Museum of the Order of St John


St John’s Gate, St John’s Lane, Clerkenwell, EC1M 4DA


020-7324 4005



Opening times:

Mon–Sat 10:00–17:00

How to get there:

Tube: Farringdon

Entry fee:

Free (except tours)

Additional information:

Limited disabled access. Shop

The castellated gatehouse spanning St John’s Lane once formed the main entrance of the Grand Priory of the Order of the Hospital of St John of Jerusalem (the Knights Hospitaller of the Crusades), founded around 1113. Built shortly after that date, the priory was burnt down by Wat Tyler’s Peasants’ Revolt in the late 14th century, and rebuilt in something resembling its present form by Prior Thomas Docwra in 1504. The Order was one of the last to be suppressed by Henry VIII (in 1540). The king then used the gatehouse for storing tents and hunting equipment. Refounded as a Protestant Order in 1831, the British Order of St John purchased St John’s Gate in 1874 and started to form a library and museum from 1888. The museum now features three galleries exploring the history of the building, the work of St John’s Ambulance, and the Order of St John.


The Galleries

Gateway to a Lost Palace’ is arranged chronologically, occupying the saloon bar of the 17th-century Old Jerusalem Tavern, little altered structurally since that time. William Hogarth lived here as a young man, hence his caricature of John Wilkes as the ‘champion of liberty’ that can be seen here. Shortly afterwards, from 1731, the building was used by Edward Cave to publish and print the Gentleman’s Magazine. Cave gave Samuel Johnson his first job, writing parliamentary reports for the new magazine, and received visitors such as David Garrick and Oliver Goldsmith. A copy of the Gentleman’s Magazine from May 1738 and a copy of Dr Johnson’s Dictionary, opened at M for Magazine, are displayed. Antique letters patent can also be seen, one dated 1557 by Queen Mary Tudor and King Philip of Spain restoring the Order’s possessions after the Dissolution, and another dated 1422 by Henry V, exempting the Knights Hospitaller from tax.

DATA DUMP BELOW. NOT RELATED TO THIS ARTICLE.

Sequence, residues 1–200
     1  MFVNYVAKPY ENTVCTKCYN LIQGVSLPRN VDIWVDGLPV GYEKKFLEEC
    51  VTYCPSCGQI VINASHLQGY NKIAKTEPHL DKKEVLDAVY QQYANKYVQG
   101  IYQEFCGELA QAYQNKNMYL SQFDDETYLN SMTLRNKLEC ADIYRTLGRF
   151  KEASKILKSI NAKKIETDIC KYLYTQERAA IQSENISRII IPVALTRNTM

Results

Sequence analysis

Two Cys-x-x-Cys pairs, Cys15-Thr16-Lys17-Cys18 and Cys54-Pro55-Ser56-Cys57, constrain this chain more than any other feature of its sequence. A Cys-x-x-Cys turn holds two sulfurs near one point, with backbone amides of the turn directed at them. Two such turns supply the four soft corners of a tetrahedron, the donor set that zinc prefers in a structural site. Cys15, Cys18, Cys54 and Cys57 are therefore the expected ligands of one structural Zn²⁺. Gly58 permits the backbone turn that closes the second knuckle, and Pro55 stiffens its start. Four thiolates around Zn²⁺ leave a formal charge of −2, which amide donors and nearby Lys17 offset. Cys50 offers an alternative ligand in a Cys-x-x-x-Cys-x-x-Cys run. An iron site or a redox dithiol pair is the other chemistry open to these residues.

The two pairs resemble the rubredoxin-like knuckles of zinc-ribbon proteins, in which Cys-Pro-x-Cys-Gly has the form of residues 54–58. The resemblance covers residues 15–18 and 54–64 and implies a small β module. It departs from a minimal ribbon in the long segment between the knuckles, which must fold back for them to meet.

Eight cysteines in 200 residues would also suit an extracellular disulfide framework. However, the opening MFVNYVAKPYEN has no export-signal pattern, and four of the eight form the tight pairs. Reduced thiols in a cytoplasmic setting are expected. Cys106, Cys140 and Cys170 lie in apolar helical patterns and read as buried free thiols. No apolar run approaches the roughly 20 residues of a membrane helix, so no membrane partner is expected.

Time to Care’ is a multimedia exhibition on the history of St John’s Ambulance, from 1877 to the present day. The ‘Order Gallery’ displays precious artefacts relating to the Hospitallers, exploring their medical, religious and military roles. Here is the ‘Rhodes Missal’, a finely illuminated manuscript presented by a French Prior to the Conventual Church in Rhodes in 1504, on which the knights swore their vows of profession. Other remarkable artworks include the Weston Triptych, formerly the altarpiece in the Grand Priory Church, recovered in 1932, now comprising two wings of a Flemish triptych, one bearing the arms of John Weston (Prior 1476–89); and a small oil-on-copper of The Annunciation by Luigi Gentile in a fine silver frame, probably to a design by Alessandro Algardi. It was commissioned by Pope Innocent X, whose arms are engraved on the verso of the copper plaque. Several suits of armour worn by the Knights can also be seen here, most of Italian manufacture, as well as a bronze cannon given to Grand Master Delisle Adam by Henry VIII to help recover the island of Rhodes from the Turks. It was recovered from the sea off Famagusta in 1907. In 1530 the Order was given the island of Malta by the Holy Roman Emperor Charles V. Some of the banners captured by Napoleon when he conquered the island in 1798 can be seen here.

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Details below are taken from our Blue Guide Museums and Galleries of London.  This is a 2005 title, here generally updated for website address and opening times, with useful comments from some of the museums themselves.  More recent information is given in Emily Barber's magisterial new Blue Guide London, "Exceptional update to a classic and useful guide to this amazing city" (Amazon reader review).

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